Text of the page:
Monthly Archives: October 2011

New event: Engagement – the battle for your time

Ooh, I am very excited because we just put booking live for the next She Says event: ‘Engagement, the battle for your time.‘  It’s on Thursday 17th November.  Go and book your ticket now!

We chose this topic because engagement is a word we all use, but do we all use it properly.  Do we know how to measure it?  It’s so useful and at the same time useless…

So we have speakers from all kinds of disciplines lined up and about to be lined up, all of whom will have a very different view on what ‘engagement’ entails in online marketing and digital design.

It’s also going to be at the swanky SocietyM, and there will be time to have drinks, chats, and enjoy the surroundings.

A quarter of the tickets have been taken already – don’t miss out, make sure you book soon!

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There is no illusion of strategy, you just have to be prepared to iterate

I’ve just read Graham Oakes’ article ‘The Illusion of Strategy’ with interest.

There is a lot of stuff out there right now about what the role of strategy in digital is, with new terms such as ‘agile planning’ (which I wrote about here) and ‘lean planning‘ coming to the fore.

Oakes argues that there are 2 types of projects out there: one where you know what you’re doing and one where you don’t.  He says most digital initiatives fall into the second category, because you have to iterate.

But if you look at the thinking behind agile and lean, iteration and experimentation doesn’t necessarily mean you don’t have a strategy.

A well defined objective and a basic idea (or set of ideas) about how you will achieve that objective can be described as a strategy, can’t it?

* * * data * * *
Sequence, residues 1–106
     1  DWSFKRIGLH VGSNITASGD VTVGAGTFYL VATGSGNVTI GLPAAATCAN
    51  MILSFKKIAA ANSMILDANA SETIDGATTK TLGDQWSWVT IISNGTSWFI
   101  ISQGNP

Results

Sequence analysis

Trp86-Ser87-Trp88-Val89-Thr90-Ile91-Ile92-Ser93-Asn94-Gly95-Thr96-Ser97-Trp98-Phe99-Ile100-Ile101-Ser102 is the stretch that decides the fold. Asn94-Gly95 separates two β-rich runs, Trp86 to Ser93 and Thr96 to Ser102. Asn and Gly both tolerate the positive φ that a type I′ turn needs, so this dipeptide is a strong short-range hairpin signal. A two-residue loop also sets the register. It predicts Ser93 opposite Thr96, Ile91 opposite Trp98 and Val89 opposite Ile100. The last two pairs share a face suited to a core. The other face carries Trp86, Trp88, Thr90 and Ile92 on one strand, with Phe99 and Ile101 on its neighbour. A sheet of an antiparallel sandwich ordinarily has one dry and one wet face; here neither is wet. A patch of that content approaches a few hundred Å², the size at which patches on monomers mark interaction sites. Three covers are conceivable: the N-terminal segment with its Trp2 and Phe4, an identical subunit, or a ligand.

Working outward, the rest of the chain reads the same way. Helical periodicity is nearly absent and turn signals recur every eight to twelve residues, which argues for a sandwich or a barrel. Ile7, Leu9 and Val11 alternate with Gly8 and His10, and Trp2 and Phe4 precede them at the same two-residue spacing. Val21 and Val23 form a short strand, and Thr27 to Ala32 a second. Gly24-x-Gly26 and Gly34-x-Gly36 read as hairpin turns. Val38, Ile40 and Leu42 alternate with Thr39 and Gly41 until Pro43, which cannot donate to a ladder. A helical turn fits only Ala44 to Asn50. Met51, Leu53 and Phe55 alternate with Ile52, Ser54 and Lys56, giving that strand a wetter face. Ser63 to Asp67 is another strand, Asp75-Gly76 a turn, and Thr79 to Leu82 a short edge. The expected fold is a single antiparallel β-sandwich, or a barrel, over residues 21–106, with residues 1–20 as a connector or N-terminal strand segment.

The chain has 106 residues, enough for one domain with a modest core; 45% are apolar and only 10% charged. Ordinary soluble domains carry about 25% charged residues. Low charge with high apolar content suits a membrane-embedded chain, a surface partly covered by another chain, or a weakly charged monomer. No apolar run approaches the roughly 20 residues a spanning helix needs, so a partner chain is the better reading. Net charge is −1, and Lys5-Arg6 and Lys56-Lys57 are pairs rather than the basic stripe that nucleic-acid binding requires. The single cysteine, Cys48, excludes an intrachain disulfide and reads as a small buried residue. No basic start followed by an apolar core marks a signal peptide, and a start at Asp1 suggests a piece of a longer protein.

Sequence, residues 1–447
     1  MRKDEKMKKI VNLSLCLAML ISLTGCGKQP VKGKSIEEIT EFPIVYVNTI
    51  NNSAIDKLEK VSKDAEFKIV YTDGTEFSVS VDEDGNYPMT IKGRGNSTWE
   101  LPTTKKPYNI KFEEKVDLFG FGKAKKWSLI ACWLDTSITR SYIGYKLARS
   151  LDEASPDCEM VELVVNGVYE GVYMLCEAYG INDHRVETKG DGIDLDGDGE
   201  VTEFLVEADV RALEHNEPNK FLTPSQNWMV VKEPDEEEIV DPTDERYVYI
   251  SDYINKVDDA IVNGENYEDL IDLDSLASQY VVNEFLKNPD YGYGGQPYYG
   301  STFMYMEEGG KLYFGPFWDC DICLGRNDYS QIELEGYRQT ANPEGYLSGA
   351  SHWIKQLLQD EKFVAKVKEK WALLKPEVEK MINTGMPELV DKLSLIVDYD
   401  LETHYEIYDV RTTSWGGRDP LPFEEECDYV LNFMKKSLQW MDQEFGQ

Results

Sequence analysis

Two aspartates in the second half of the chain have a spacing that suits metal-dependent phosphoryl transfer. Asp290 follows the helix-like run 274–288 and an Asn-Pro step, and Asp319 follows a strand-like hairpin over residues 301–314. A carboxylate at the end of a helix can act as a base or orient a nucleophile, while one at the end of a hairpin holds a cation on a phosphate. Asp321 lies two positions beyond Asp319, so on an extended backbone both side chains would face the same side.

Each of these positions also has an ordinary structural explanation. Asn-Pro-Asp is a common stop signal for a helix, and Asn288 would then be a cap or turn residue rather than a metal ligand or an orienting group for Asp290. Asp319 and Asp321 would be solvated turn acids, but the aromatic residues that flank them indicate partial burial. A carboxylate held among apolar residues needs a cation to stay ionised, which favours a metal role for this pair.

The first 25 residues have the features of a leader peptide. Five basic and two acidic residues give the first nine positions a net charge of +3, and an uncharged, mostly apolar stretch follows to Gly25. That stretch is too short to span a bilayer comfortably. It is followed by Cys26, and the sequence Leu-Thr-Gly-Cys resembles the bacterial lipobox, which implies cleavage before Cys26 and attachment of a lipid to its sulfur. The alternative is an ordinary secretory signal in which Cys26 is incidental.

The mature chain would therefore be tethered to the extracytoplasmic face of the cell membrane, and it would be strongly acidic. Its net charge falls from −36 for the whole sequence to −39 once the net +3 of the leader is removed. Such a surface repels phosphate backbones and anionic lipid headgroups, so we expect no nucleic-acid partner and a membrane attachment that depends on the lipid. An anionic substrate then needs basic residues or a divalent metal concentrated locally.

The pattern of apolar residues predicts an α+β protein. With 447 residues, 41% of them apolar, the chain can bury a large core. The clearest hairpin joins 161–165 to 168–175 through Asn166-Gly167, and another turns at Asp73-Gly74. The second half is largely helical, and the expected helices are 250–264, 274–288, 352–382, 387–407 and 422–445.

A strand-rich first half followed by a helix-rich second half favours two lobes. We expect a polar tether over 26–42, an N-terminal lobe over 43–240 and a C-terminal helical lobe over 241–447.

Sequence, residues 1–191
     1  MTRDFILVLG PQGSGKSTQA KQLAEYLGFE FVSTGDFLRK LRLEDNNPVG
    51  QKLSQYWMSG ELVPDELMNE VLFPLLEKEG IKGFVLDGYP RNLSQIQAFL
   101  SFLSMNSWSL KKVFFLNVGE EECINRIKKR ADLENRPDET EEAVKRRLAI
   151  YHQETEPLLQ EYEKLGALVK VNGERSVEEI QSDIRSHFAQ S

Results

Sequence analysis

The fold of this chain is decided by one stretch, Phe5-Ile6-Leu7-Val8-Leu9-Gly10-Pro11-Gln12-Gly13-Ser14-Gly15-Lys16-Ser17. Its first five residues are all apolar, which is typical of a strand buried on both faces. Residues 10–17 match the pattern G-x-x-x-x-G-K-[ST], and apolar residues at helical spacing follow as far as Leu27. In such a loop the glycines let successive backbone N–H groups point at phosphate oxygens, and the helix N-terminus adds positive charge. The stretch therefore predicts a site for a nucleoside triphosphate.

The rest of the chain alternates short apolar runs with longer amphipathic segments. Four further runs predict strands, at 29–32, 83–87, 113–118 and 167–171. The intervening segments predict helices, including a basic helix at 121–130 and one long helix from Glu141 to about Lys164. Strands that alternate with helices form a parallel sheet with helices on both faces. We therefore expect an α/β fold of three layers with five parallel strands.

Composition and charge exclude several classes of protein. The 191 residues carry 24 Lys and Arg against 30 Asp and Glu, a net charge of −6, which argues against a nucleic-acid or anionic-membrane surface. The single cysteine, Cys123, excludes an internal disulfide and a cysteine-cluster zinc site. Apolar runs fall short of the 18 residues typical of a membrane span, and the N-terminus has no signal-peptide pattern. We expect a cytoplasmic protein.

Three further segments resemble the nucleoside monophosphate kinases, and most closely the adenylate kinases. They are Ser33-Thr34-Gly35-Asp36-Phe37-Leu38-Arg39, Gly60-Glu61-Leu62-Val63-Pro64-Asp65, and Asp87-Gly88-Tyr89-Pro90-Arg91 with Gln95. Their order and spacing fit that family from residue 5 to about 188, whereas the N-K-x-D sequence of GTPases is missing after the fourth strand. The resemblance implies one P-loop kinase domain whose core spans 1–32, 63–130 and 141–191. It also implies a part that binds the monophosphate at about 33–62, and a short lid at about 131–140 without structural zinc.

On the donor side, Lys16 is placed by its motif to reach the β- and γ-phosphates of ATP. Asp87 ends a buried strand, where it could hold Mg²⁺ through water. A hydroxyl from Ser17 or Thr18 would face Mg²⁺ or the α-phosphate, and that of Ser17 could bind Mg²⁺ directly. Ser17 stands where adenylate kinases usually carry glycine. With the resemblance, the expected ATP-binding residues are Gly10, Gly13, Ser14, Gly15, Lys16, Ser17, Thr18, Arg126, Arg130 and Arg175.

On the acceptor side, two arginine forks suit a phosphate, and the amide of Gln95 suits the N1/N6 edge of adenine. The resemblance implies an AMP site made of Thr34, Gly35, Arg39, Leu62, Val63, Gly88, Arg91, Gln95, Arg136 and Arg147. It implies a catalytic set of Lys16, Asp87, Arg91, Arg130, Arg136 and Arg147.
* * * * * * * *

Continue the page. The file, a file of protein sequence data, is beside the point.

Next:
Reporting back, you might miss out all the experiments or wrong turns you took, to make it sound more clear-cut.  But you still knew where you wanted to go and had a rough idea of how to get there.

There is no illusion of strategy.  It’s either there or it’s not.


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Why I am tired of the big idea debate

You’ve heard it before.  ‘The big idea is dead.’  ‘It’s all about lots of little ideas now.’

I just read yet another article about it and felt that it was time to say something again.

I am of the impression that we work from ‘brand platforms’ – sets of values and messages which they use to connect with their audiences, and that we can use these platforms as means of creating work based around ideas of all different sizes.  (Whatever ‘size’ means.  I think it means that a big idea can do lots of things, whereas a smaller one doesn’t go as far.)

However, the debate about the big idea still goes on.  I believe that this is because there is a wee backlash going on.  This is based on traditional planning vs the new planning.  People like me who have made the transition from making above the line campaigns in agencies where TV was the pinnacle, to digitally led agencies where we can do whatever is best for our clients because we have every channel at our disposal.

Because planning in digital seems so different, we feel the need to redefine what we do.  However, after doing this myself for a while, I now feel it is a complete waste of time.  What I do now is essentially the same as it has always been:

  • understand the audience
  • identify insights
  • agree what we want people to understand about the brand
  • agree what we want people to do with the brand
  • come up with good ideas about how we can make that happen

I’ve been criticised on the blog for this in the past.  And that criticism was fair, so I had a go at trying to explain why I wasn’t totally old school about it.

Big ideas are sexy.  They take ages to come up with.  Wouldn’t we all like to come up with one now and again?  On the other hand, lots of little ideas can be greater than the sum of its parts.  Horses for courses.  It’s up to us to work with our clients to do what is best for their brand.

I’d really like if the big idea debate could just die, rather than the big idea.